eGFR (ml/min/1.73 m2) = 175 x (serum creatinine)-1.154 x (age)-0.203 x 0.742 (if the subject is female) x 1.212 (if the subject is black)

Additional Exclusion Criteria for Vasodilator Stress MRI:

  • Myocardial infarction within 24 hours
  • Uncontrolled heart failure
  • Uncontrolled asthma or emphysema
  • Ventricular arrhythmia (sustained ventricular arrhythmia at the time of MR scan)
  • Second degree heart block or higher

Information from the National Library of Medicine

To learn more about this study, you or your doctor may contact the study research staff using the contact information provided by the sponsor.

Please refer to this study by its identifier (NCT number): NCT01639937

United States, District of Columbia
Childrens National Medical Center
Washington, District of Columbia, United States
United States, Maryland
Suburban Hospital
Bethesda, Maryland, United States, 20814
National Institutes of Health Clinical Center, 9000 Rockville Pike
Bethesda, Maryland, United States, 20892
Sponsors and Collaborators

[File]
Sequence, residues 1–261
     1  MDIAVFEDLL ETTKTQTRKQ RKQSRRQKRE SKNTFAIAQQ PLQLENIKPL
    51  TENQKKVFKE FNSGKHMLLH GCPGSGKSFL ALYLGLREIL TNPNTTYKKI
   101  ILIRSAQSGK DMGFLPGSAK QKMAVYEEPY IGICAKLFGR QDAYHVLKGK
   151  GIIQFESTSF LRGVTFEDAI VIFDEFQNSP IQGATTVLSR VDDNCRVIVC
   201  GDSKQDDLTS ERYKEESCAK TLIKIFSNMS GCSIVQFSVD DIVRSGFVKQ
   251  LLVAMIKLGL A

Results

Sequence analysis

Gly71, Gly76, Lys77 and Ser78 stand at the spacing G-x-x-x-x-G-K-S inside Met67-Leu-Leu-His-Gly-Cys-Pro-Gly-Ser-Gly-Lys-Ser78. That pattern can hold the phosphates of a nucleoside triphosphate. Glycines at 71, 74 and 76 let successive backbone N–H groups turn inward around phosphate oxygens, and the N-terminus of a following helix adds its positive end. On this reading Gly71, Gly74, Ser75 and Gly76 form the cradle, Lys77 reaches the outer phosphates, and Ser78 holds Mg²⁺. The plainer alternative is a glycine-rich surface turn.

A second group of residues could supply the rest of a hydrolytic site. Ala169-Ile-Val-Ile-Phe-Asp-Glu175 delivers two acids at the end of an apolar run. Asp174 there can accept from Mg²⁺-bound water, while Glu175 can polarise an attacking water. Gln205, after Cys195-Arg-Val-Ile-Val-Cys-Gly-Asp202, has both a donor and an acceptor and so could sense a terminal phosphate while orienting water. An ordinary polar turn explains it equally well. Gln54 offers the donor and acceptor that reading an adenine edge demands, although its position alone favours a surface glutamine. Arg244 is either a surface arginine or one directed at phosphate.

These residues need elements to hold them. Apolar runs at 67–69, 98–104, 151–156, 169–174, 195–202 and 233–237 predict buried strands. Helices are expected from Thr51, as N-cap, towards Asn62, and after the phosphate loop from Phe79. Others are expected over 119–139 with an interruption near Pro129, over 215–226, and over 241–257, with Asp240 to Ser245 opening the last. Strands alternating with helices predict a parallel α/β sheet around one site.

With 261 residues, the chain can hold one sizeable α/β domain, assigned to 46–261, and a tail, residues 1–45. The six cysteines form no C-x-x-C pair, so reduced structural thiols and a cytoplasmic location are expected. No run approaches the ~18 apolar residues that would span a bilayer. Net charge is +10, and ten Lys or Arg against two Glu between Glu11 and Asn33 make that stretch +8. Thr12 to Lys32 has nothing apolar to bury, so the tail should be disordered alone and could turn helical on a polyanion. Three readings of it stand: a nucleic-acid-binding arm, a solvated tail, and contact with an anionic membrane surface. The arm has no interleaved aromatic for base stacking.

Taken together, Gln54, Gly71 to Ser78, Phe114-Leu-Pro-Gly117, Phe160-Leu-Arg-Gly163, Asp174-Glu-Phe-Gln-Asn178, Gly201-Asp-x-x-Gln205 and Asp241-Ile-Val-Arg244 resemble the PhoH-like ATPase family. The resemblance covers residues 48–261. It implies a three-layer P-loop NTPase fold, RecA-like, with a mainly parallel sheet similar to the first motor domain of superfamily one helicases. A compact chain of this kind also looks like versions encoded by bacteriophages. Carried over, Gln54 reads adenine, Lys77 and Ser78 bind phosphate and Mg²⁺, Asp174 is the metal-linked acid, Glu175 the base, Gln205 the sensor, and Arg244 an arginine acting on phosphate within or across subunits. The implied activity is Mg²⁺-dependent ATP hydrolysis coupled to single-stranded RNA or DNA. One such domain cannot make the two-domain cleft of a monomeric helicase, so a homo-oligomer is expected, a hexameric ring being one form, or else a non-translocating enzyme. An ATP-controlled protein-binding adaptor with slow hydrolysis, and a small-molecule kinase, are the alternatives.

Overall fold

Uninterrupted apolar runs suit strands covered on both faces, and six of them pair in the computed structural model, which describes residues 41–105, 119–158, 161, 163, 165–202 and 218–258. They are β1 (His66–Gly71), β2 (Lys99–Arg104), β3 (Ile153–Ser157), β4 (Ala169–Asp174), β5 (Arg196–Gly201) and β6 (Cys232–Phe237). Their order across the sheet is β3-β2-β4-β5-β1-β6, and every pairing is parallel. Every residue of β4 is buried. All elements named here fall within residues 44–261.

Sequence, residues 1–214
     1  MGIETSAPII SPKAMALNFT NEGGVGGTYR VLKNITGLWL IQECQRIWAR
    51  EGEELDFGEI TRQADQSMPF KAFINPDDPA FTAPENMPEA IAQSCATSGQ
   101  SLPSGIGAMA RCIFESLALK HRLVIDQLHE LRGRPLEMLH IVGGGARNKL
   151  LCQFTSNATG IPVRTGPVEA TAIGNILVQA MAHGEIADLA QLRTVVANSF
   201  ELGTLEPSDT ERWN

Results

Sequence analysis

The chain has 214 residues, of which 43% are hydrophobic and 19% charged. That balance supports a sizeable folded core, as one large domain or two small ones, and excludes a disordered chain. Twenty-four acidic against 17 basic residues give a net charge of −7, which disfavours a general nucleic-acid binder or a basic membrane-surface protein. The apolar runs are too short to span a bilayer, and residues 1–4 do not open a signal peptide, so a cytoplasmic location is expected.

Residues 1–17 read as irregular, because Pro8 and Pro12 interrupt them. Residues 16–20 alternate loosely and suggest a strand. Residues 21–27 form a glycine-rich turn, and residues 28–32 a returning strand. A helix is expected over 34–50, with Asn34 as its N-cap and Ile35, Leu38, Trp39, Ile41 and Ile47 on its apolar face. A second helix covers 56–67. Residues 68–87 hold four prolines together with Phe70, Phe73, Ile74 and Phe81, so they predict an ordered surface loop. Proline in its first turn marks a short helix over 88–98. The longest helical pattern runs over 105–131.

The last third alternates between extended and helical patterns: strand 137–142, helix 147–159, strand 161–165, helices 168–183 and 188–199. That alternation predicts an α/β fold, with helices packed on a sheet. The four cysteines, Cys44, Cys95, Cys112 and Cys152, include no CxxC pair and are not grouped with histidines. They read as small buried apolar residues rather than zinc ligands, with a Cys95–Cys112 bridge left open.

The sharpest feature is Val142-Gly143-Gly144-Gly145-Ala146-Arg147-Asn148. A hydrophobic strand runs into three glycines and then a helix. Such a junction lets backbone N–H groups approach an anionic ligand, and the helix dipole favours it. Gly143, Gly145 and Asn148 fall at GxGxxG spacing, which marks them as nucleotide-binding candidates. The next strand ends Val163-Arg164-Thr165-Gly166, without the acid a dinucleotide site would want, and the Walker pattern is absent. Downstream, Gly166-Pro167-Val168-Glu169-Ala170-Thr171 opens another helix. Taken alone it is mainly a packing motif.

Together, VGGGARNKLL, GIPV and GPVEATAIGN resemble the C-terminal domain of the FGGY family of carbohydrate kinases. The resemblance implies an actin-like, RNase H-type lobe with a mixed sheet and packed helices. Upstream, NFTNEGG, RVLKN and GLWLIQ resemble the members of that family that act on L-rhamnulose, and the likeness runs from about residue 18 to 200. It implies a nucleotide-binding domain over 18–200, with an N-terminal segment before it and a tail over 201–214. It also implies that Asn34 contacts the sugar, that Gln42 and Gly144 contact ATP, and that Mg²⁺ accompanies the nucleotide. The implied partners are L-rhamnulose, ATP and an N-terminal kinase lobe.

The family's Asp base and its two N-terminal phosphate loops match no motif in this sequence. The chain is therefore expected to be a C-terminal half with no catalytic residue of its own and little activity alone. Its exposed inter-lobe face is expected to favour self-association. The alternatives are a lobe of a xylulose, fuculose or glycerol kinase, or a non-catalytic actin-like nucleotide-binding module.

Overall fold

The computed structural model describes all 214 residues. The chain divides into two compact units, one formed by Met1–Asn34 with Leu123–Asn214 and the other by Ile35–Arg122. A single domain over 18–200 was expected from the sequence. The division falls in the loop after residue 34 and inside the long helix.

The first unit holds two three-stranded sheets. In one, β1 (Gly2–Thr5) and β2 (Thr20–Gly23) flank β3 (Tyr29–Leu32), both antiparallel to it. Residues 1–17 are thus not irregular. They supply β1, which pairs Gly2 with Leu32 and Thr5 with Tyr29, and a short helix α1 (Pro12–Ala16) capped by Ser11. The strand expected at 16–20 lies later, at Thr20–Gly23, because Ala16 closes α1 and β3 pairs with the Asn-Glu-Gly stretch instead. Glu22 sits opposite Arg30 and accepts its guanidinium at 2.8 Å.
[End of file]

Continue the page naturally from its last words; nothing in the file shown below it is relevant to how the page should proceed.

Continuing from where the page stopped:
National Heart, Lung, and Blood Institute (NHLBI)
Children's Research Institute
Suburban Hospital
Principal Investigator: Andrew E Arai, M.D. National Heart, Lung, and Blood Institute (NHLBI)

Additional Information:
Responsible Party: National Heart, Lung, and Blood Institute (NHLBI) Identifier: NCT01639937     History of Changes
Other Study ID Numbers: 120158
First Posted: July 13, 2012    Key Record Dates
Last Update Posted: April 10, 2018
Last Verified: April 6, 2018

Keywords provided by National Institutes of Health Clinical Center (CC) ( National Heart, Lung, and Blood Institute (NHLBI) ):
Cardiac MRI
Congestive Heart Failure
Cardiac Fibrosis
Late Gadolinium Enhancement

Additional relevant MeSH terms:
Heart Diseases
Heart Defects, Congenital
Cardiovascular Diseases
Cardiovascular Abnormalities
Congenital Abnormalities